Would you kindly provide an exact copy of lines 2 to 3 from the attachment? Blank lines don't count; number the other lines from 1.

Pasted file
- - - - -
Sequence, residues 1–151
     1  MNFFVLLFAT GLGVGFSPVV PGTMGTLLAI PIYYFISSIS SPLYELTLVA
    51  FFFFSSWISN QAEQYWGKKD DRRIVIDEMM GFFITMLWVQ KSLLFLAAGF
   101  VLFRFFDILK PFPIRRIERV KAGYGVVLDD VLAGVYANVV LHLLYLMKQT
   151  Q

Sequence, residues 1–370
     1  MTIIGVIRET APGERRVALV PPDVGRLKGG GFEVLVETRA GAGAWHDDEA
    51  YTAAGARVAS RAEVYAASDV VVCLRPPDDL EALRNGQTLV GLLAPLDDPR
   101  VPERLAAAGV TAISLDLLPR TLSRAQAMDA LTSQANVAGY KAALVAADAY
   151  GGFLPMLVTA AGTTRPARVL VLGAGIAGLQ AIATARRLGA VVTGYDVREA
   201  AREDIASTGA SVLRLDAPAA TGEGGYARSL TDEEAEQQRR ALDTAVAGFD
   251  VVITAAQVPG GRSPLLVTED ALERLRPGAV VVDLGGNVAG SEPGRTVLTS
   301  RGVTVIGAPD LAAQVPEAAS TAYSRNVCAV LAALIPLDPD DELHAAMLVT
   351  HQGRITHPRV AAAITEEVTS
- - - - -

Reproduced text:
     1  MNFFVLLFAT GLGVGFSPVV PGTMGTLLAI PIYYFISSIS SPLYELTLVA
    51  FFFFSSWISN QAEQYWGKKD DRRIVIDEMM GFFITMLWVQ KSLLFLAAGF